Today it’s going to be tough. It’s one of those socially-tabooed subjects: depression. One of those things no one talks about, it’s just much easier for everyone involved to bury their heads in the sand.
Don’t get me wrong, I am aware that depression affects many more people than only the sufferer. Life for friends and relatives of depressives is at least as difficult as it is for the sufferers themselves. You have your well-meant, optimistic, rational views, but depressives always know precisely why everything you suggest to them can only go wrong.
A dear friend of mine suffers from depression, as do I. I can see her struggles. I want to help. I’m in a position where I can more easily relate to her torment, but I still don’t know what to do. I can’t make sense of my own mind most of the time, let alone somebody else’s. Her friendship means a lot; she unknowingly helps me when I’m feeling low. I feel that I should know what to say. After all I know how I want others to view me. But being depressed also makes me aware that depressives can only see the negatives in every situation. It got me thinking…
I spoke out nearly nine months ago now, writing a blog post and adding a link to it on my Facebook page for all my friends to see. The support I received was overwhelming. I will be forever grateful. But in the nine months since, I haven’t really talked about living with depression. It’s not something I feel comfortable to randomly bring up, and so I have to wait to be asked, but no one does. I think that even though I have taken the first steps in speaking out, my friends still don’t know how to approach the issue. Some have said very little upon the subject, whilst others have just said very little altogether. I can’t blame them though, even in 2015, mental health remains a subject with a definite stigma, there’s a noticeable awkwardness in the conversation. Mental illness is still surrounded by prejudice, ignorance and fear. This needs to change. Writing this post is my way of addressing this problem, and underlining what both sides can do to help resolve the matter.
The one thing that someone suffering from depression needs most of all is support, so try not to give your friend any reason to doubt your relationship. If you set a date to meet up, go for a drink or watch a film, make sure you stick to it. Sorry for the harsh tone, but you have to be there 100% or not at all. You can’t sit on the fence, be happy to talk some of the time, when it suits you. It can’t be half-hearted. A depressive needs to know where relationships stand. Who they can rely on in a time of need.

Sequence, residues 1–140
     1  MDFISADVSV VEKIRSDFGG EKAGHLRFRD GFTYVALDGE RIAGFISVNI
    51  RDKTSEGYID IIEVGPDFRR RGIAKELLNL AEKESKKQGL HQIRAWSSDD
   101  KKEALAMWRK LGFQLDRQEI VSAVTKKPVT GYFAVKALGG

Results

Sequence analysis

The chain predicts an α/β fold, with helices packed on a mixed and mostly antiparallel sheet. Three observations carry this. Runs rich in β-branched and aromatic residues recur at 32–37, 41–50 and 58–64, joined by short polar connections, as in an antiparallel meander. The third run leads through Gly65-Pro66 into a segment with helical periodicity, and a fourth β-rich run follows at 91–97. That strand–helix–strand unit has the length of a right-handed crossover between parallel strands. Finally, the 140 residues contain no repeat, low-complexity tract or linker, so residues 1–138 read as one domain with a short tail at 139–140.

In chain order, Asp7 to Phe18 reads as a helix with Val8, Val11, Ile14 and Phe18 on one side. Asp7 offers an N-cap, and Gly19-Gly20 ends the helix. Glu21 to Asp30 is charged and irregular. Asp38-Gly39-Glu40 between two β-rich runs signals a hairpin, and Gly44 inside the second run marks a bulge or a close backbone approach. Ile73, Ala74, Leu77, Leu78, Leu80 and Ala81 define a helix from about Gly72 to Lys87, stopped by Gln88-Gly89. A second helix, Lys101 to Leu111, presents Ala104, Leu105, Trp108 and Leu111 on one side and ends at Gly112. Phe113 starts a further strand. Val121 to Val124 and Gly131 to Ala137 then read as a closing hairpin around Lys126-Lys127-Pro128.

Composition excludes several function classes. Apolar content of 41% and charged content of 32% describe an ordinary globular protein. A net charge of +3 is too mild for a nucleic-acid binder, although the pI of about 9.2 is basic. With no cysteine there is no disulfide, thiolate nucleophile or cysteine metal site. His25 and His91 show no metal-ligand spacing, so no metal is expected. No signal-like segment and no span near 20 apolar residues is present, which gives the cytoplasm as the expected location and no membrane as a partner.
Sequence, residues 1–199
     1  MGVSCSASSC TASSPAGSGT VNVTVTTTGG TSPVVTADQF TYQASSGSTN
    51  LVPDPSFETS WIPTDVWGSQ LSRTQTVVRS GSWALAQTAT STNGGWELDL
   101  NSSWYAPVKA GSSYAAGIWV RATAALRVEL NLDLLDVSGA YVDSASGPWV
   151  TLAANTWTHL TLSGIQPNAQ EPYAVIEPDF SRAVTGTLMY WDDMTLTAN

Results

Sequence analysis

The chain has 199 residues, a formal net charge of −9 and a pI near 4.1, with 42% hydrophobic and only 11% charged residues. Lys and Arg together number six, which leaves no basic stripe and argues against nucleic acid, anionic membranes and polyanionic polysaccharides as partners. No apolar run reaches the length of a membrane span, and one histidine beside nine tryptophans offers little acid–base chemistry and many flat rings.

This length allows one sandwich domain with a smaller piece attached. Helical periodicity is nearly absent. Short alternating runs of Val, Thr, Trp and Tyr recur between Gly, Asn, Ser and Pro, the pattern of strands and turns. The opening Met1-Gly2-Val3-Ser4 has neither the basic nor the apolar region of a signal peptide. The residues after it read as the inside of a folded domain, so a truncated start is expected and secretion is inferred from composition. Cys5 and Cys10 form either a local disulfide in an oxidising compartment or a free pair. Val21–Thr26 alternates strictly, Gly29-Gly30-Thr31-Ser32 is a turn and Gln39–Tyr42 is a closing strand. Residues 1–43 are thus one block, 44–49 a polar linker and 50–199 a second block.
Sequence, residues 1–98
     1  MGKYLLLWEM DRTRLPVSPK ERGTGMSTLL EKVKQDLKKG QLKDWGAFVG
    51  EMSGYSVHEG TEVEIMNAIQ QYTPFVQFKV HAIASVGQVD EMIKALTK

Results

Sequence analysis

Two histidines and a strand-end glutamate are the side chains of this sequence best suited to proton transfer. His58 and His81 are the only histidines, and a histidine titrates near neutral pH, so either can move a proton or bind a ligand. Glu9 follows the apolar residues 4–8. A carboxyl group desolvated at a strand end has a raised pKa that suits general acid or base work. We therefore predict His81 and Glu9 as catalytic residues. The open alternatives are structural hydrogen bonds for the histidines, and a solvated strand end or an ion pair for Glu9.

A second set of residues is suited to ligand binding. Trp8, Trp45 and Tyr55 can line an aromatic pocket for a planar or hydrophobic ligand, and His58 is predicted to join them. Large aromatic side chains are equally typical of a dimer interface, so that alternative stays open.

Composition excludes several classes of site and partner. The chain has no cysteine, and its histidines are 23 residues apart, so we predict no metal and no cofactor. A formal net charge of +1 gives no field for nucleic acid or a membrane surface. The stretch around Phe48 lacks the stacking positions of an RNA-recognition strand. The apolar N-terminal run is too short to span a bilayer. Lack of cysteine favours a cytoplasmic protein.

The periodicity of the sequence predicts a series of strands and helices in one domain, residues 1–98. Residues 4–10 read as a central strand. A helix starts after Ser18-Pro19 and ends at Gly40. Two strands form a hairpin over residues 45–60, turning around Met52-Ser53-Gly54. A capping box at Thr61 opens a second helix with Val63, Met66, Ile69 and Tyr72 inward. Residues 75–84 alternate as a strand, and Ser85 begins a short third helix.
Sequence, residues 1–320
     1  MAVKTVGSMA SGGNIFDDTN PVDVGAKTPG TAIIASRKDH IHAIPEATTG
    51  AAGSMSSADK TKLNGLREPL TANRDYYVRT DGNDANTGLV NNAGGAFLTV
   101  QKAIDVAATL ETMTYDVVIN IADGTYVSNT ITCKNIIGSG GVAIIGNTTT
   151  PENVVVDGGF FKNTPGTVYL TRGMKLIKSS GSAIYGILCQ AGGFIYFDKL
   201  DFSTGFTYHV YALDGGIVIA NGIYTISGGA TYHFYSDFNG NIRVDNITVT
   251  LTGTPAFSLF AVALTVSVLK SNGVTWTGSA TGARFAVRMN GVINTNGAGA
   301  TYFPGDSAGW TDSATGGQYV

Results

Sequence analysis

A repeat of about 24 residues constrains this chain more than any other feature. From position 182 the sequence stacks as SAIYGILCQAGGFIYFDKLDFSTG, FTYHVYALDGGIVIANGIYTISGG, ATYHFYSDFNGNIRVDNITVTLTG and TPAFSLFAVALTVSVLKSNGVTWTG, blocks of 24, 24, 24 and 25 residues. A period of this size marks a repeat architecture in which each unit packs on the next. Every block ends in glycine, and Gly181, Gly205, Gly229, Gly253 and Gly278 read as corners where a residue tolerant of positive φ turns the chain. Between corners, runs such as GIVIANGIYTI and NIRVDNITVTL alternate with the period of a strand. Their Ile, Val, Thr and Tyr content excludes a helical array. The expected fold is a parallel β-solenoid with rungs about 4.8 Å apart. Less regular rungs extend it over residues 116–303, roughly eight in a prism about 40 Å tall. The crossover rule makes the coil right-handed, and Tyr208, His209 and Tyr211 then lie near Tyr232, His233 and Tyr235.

Depression isn’t a weakness of character but an illness. An indiscriminate illness that afflicts people without regard to their status, success or strength, and regardless of whether these people have all the qualities and possessions that we might think are necessary for a happy life.
It’s natural for everybody to judge everybody else, but try not to make them feel condemned because they have depression. If a friend has told you that they’re depressed, they’re vulnerable. They want you to understand, but they don’t want your pity. I know that I just want people to accept me for who I am.
3 out of 4 young people fear the reaction of their friends when they talk about their mental health problems.
It is very important that you don’t give them the impression that you don’t have enough time to speak to them. However busy your own life might be, there’s always time to talk to a friend in need. If there’s not you probably need to reevaluate your values in life and make time.
Another good way to keep up a healthy relationship is to start up a conversation with them once in a while. It is very easy for depressives to get trapped inside their own heads, and become oblivious to the surrounding world. So don’t wait for them to text you. This shows that people do care about them, and that others are taking an active interest in their life, even if their distorted mind can’t quite grasp that at first.
Lastly, we (myself included) are all afraid of asking awkward questions when we know that there is a high risk that we will not like their answers, but it’s important that we do. You might live to regret it.
Unfortunately, there is no quick fix. Depressive illness cannot be cured overnight. It takes time, so perseverance is key for everybody involved. Drugs won’t cure someone from depression. You can’t become reliant on pills to live. Treatment has to be much more than that. Depression affects many more people than only the sufferer, so more people than only the sufferer need to respond. Families, friends, communities need to fight back with the sufferer. Only then can we defeat depression. Make sure you’re a part of it.
In silence we suffer.
Thank you for reading.